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Boucher looking to turn back the clock 10 years

By Chuck Gormley - NHL.com Correspondent

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Boucher looking to turn back the clock 10 years
A decade ago, Brian Boucher was the hot, young goalie in the NHL, facing the Devils in the playoffs. He is hoping for better results now.
It's been 10 years since Philadelphia Flyers veterans Brian Boucher and Simon Gagne were baptized as NHL rookies.

Ten years since they stood on the precipice of the Stanley Cup Final, only to be pushed off by Martin Brodeur, Patrik Elias and the rest of the 2000 New Jersey Devils.

Since then, the two former first-round draft picks of the Flyers have seen their careers go separate ways. Gagne, 30, went on to play in two NHL All-Star Games, won two Bobby Clarke Trophies as the Flyers' MVP and represented Canada in two Winter Olympics.

Boucher, 33, stumbled under the weight of his own expectations, toiling for eight different teams in three different leagues before returning to the place he's always considered home.

Today, Boucher and Gagne find themselves together again, facing the same team that took away what they believe was rightfully theirs a decade ago.

"I know I'm 33, but I still feel like I'm 23. Maybe it's my maturity level. Maybe the magic that happened that year can happen again." -- Brian Boucher

"We all know 10 years ago what happened and I'm sure 'Boosh' has got that in the back of his mind," Gagne said before the Flyers faced the Devils in Game 1 of their opening-round series, a game Boucher won, 2-1, against Brodeur. "They beat us 10 years ago when Boosh was in the net and that could be a challenge for him."

A decade ago, Boucher was the NHL's hottest young goaltending prospect. He stole the starting job from veteran John Vanbiesbrouck by going 20-10-3 with a 1.91 goals-against average in the regular season and followed with a spectacular playoff run, going 11-7 with a 2.01 GAA through three rounds.

The 2000 Eastern Conference Finals will be remembered for many things: Boucher's spectacular, mask-jarring, back-bending save on Elias at the Meadowlands; Scott Gomez's blazing shot wedging itself in the eye hole of Boucher's mask; and Scott Stevens' career-altering shoulder on Eric Lindros.

But ask Gagne or Boucher what they remember moist about that series and you get the same response.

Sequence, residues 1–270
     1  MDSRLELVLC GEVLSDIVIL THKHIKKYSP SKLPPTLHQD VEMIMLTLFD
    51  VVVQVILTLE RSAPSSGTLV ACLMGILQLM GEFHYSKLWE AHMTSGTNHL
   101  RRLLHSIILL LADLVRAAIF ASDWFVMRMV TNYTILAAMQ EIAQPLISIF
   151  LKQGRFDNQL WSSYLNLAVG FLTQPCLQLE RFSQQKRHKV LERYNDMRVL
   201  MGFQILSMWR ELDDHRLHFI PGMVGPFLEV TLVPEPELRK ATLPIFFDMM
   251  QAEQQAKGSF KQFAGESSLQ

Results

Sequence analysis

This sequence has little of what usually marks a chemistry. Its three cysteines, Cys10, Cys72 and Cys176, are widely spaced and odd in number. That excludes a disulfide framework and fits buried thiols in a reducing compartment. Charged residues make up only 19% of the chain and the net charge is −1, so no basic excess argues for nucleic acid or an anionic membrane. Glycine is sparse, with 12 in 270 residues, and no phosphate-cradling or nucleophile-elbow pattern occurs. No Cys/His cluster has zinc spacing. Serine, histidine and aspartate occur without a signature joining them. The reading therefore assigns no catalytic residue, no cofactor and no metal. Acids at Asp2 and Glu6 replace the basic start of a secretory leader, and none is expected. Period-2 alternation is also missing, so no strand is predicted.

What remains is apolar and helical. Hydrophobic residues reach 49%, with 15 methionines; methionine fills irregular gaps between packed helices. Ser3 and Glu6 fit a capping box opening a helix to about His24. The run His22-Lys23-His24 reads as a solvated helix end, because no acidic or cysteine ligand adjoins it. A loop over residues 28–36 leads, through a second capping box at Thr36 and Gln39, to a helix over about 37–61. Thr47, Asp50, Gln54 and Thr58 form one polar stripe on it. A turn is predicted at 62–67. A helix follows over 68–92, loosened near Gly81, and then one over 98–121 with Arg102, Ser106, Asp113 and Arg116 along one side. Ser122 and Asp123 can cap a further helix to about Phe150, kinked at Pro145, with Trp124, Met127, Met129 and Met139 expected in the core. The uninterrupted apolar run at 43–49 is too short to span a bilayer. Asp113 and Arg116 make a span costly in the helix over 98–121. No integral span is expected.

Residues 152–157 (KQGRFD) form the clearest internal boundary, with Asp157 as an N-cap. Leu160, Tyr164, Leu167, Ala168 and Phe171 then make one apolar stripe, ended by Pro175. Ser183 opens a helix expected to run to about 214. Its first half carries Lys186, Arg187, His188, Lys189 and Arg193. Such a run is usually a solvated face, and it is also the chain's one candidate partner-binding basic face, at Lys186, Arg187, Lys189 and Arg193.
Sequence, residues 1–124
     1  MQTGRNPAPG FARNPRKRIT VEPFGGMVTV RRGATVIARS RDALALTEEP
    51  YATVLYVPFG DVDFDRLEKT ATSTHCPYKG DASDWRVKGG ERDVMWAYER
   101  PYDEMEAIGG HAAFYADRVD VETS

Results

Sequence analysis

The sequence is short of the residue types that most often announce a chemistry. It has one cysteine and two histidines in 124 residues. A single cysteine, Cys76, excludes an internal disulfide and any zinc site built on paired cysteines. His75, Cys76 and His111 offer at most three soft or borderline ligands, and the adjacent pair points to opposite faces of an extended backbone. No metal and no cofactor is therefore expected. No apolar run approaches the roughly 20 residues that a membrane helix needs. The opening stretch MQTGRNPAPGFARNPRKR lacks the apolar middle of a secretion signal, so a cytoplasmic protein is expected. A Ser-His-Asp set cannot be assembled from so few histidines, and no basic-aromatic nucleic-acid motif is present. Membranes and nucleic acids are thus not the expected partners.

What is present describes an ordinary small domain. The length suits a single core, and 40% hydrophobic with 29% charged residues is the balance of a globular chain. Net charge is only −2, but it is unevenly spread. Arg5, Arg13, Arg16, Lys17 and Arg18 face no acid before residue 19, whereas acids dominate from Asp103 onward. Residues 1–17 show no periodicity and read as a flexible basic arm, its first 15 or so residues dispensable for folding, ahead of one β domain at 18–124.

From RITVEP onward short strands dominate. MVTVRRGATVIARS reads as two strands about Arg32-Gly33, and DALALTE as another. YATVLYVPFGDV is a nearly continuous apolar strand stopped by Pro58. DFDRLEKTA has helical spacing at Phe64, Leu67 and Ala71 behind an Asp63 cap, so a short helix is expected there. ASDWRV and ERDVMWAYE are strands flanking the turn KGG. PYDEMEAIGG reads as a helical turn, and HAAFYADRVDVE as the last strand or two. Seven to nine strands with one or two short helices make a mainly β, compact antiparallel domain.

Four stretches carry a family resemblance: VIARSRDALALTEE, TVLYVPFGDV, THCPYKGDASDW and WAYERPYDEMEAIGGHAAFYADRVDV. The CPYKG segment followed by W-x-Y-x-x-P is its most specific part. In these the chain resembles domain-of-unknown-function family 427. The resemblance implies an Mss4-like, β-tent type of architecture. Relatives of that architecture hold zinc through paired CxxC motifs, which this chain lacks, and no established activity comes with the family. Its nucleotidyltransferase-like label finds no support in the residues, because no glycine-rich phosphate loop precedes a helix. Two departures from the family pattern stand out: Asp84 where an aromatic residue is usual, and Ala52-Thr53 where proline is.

"Losing a 3-1 lead in the series," Gagne says.

"Being up 3-1 and not being able to close them out," says Boucher.

The Flyers lost Game 5 in Philadelphia and Game 6 in New Jersey in Lindros' first game back from a concussion. Elias won Game 7 by scoring with 2:32 remaining in regulation to send the Devils to the Stanley Cup Final, eventually winning the title.

Boucher signed a two-year contract extension the following summer, got off to a slow start in his second season with the Flyers, lost the starting job to Roman Cechmanek and was eventually traded to the Phoenix Coyotes for Michal Handzus and Robert Esche.

"When you have a rookie season like that it's a tough act to follow," Boucher said. "I was a young guy who didn't really have the experience and I put a lot of pressure on myself to want to be that good again and justify the contract I got.

"It's almost like you'd rather have a nice, steady progression than jump right to the top because it's hard. It takes a real special person to understand that same level of success can't be attained and you have to chill out a little bit if you don't get right back to where you were."

In the nine seasons since his stellar rookie year, Boucher has recorded a winning record just twice. His career appeared to be over following the 2006-07 season, when he went a combined 2-11-3 with a 3.34 GAA for the Blackhawks and Blue Jackets.

That's when Boucher, at the age of 30, swallowed his pride and signed a minor-league contract with the AHL Phantoms.

"My goal was to get back to the National Hockey League and coming back to the Phantoms was a calculated move," he said.

It paid off. Boucher went 23-16-1 with a 2.47 GAA for the Phantoms and when the San Jose Sharks needed a backup late that same season Boucher was ready, recording a shutout in his first game as a Shark.

He remained in San Jose last season and his 12-6-3 mark was enough to convince GM Paul Holmgren to sign him as a free agent again, this time as the Flyers' backup to Ray Emery.

Season-ending injuries to Emery and emergency backup Michael Leighton, along with a groin injury to apparent heir apparent Johan Backlund, left Boucher as the Flyers' only healthy goalie down the stretch.

And although he impressed no one by going 4-6-2 in his final 12 starts of the season, Boucher came through when the Flyers needed him most last Sunday, stopping two of three shootout attempts in a playoff-clinching 2-1 win over the Rangers.

And now, it's back to the future. Brodeur vs. Boucher, the 10-year Reunion.

At 33, Boucher said he may not have the elasticity to duplicate that sprawling highlight reel save on Elias in the 2000 conference finals, but he honestly believes he is a better goalie now than he was then.

"I always wanted to come back to Philly, I don't know why," he said. "It's a funny feeling you have, that I could get back to the situation I had in 2000. You don't know how many more situations you're going to have. Ten years is a long time.

"I know I'm 33, but I still feel like I'm 23. Maybe it's my maturity level. Maybe the magic that happened that year can happen again."
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